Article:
On May 10, 1940, Nazi Germany invaded the country of my birth, Belgium. I was seven years old. Unbeknownst to me, it was also the date of my death sentence, as well as my family’s and of the entire Jewish population in Belgium and in the rest of Europe.
On May 10, 2010, seventy years later to the day, I held my newborn great-grandson in my arms in Israel, the land of his birth!
That I was one of the few survivors of the most destructive episode in the history of our people bestowed on me opportunities and responsibilities. I became part of that gossamer thread of life that links the lost generation of the Holocaust with the reborn nation of Israel.
In my own case, that thread has developed into solid roots in the land of our ancestors. I have been married for forty-five years to Naomi, herself a Sabra; and with three children, fifteen grandchildren, and a great-grandchild all living in Israel, our stake in the future of that country takes on a very personal significance.
In the same spirit, the vibrant mosaic of Jewish life in Canada, energized and motivated by organizations such as the Jewish Foundation of Greater Toronto, provides an indispensable conduit for the continuity of our people on this cruel, but also wonderful, planet.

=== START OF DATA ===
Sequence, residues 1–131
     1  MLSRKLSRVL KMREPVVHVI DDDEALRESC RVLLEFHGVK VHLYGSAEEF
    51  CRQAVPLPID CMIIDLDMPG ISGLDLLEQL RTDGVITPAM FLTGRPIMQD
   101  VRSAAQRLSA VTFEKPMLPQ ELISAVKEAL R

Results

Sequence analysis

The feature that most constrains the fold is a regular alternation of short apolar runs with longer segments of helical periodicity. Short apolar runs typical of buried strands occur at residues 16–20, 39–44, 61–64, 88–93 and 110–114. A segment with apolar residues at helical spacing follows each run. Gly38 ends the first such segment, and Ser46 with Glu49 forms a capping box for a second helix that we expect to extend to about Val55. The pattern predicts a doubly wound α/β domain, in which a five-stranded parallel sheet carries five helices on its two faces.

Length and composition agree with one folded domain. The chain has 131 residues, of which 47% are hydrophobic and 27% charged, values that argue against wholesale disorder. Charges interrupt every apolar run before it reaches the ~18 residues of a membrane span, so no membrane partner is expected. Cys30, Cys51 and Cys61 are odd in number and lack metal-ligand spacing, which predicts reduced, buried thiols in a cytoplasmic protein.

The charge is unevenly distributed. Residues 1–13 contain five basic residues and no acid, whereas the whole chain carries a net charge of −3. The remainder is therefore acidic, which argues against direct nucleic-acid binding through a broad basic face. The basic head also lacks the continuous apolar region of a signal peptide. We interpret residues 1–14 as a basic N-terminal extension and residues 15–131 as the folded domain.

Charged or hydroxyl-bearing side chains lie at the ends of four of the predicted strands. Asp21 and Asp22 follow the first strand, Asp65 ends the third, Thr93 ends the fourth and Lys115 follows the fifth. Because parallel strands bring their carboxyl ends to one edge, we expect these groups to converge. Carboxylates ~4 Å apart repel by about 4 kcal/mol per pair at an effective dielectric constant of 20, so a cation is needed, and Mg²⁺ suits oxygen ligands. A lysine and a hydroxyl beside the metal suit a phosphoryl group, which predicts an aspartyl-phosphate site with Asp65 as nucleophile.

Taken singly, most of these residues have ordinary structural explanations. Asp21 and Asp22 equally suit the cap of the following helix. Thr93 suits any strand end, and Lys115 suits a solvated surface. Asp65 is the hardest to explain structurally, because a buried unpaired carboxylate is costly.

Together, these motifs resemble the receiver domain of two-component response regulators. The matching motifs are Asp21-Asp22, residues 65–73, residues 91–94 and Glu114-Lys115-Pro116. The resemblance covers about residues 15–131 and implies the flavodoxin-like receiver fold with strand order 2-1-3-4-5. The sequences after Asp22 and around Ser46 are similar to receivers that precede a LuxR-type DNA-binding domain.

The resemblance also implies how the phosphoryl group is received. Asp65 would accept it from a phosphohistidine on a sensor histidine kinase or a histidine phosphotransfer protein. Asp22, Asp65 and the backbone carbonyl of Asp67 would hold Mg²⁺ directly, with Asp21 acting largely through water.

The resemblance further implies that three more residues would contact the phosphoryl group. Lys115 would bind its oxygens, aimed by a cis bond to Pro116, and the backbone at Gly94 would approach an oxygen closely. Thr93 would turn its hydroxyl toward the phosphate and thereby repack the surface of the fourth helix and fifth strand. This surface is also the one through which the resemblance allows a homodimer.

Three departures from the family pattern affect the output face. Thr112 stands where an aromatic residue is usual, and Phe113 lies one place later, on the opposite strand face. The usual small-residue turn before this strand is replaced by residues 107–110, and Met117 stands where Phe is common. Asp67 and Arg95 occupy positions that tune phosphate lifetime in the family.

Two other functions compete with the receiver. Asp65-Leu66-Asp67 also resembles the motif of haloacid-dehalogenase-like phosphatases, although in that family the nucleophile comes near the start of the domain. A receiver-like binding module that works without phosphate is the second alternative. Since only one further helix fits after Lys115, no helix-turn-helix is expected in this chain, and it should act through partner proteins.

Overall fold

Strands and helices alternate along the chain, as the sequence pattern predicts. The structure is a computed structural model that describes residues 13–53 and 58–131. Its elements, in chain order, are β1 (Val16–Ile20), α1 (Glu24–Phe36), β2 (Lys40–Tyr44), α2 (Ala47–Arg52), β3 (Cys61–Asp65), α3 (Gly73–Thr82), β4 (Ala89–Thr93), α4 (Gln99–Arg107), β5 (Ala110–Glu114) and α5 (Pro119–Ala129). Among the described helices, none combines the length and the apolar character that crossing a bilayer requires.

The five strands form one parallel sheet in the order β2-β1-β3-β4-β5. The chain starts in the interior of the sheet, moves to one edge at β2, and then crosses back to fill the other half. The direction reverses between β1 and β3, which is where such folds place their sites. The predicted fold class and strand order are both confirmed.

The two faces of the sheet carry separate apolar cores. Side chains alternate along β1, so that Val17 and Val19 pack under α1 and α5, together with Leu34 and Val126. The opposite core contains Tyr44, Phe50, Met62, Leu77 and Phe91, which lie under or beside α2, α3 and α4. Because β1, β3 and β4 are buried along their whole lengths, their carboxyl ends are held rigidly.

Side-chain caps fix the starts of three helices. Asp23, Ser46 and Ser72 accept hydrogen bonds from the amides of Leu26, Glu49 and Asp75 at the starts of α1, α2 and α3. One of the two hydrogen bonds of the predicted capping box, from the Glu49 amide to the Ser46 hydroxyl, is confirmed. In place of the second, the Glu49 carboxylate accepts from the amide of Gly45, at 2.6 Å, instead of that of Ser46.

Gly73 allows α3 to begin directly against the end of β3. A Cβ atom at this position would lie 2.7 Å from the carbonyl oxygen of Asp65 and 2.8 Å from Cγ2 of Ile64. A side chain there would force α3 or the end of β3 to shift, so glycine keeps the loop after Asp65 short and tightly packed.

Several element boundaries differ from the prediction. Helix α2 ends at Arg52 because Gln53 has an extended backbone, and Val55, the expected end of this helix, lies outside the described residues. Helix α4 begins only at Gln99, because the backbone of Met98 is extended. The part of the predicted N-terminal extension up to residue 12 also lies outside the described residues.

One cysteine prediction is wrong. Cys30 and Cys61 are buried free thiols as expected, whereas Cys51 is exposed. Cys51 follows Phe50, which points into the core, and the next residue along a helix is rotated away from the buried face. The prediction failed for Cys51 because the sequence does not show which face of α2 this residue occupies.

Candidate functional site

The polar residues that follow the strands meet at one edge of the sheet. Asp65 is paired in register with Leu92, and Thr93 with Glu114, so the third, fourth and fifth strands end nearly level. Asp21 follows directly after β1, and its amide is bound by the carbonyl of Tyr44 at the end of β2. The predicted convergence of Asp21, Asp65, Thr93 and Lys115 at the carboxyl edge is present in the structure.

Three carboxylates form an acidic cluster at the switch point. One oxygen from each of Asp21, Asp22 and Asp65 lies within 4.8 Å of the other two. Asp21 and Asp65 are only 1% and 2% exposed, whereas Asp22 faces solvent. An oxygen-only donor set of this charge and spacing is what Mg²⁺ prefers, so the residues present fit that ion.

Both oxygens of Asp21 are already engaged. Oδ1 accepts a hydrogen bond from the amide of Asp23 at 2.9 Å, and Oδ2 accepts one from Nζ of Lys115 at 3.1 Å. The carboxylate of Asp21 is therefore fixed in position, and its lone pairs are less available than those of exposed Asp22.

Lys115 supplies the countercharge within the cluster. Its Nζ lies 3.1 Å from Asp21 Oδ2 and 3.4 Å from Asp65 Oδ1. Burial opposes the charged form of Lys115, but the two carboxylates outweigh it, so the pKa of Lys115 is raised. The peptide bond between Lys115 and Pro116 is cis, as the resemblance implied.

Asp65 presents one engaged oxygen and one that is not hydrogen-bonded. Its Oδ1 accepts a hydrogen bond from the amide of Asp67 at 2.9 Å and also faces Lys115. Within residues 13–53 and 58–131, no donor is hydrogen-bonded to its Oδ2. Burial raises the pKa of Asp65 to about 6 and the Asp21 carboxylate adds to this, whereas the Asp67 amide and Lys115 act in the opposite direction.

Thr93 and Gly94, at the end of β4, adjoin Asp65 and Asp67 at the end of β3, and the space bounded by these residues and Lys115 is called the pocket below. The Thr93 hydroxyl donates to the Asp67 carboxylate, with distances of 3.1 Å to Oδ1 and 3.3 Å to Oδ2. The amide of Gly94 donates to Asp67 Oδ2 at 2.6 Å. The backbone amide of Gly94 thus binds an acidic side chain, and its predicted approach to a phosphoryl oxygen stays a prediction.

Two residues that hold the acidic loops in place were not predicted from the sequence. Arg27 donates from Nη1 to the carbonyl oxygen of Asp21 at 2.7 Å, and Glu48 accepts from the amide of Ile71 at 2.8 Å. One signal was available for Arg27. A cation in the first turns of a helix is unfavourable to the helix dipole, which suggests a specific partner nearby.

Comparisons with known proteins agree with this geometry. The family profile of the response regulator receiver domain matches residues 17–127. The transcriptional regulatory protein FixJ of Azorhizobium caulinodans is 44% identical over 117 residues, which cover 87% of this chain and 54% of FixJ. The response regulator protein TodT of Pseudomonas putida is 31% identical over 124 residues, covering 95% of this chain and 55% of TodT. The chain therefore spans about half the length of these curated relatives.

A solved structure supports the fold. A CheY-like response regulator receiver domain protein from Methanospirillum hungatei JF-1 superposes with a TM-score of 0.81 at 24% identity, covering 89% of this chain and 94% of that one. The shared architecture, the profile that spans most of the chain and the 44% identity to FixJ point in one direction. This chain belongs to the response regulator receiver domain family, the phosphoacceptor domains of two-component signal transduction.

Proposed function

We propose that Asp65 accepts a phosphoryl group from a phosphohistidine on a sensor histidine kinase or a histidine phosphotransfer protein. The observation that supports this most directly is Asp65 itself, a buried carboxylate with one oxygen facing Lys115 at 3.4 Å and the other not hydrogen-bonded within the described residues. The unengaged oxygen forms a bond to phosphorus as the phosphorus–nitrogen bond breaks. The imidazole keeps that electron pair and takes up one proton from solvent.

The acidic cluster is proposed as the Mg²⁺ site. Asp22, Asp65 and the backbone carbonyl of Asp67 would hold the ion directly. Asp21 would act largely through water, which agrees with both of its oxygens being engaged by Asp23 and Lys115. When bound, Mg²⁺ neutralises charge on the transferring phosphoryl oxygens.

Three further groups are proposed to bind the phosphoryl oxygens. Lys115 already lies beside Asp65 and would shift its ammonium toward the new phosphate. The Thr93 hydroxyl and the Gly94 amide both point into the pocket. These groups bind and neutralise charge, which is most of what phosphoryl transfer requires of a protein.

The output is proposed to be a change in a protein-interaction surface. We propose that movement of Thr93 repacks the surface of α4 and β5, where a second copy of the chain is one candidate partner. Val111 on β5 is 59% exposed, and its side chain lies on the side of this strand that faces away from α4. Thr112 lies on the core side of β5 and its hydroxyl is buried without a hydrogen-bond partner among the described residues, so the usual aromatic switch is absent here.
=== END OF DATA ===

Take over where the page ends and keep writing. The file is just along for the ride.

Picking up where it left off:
The Nazi intent was to destroy the entire Jewish people. The timeline of World War II did not allow them to complete their objective. As one of the few who survived the Holocaust, I feel I owe it to the millions who perished, to devote all the energies and resources I can muster and help assure that their precious memories are preserved for all time. I also feel that there is no greater act of redemption than to provide the Jewish children of this generation with the opportunity to fulfill their potential — an opportunity that 1.2 million children of my generation never had.
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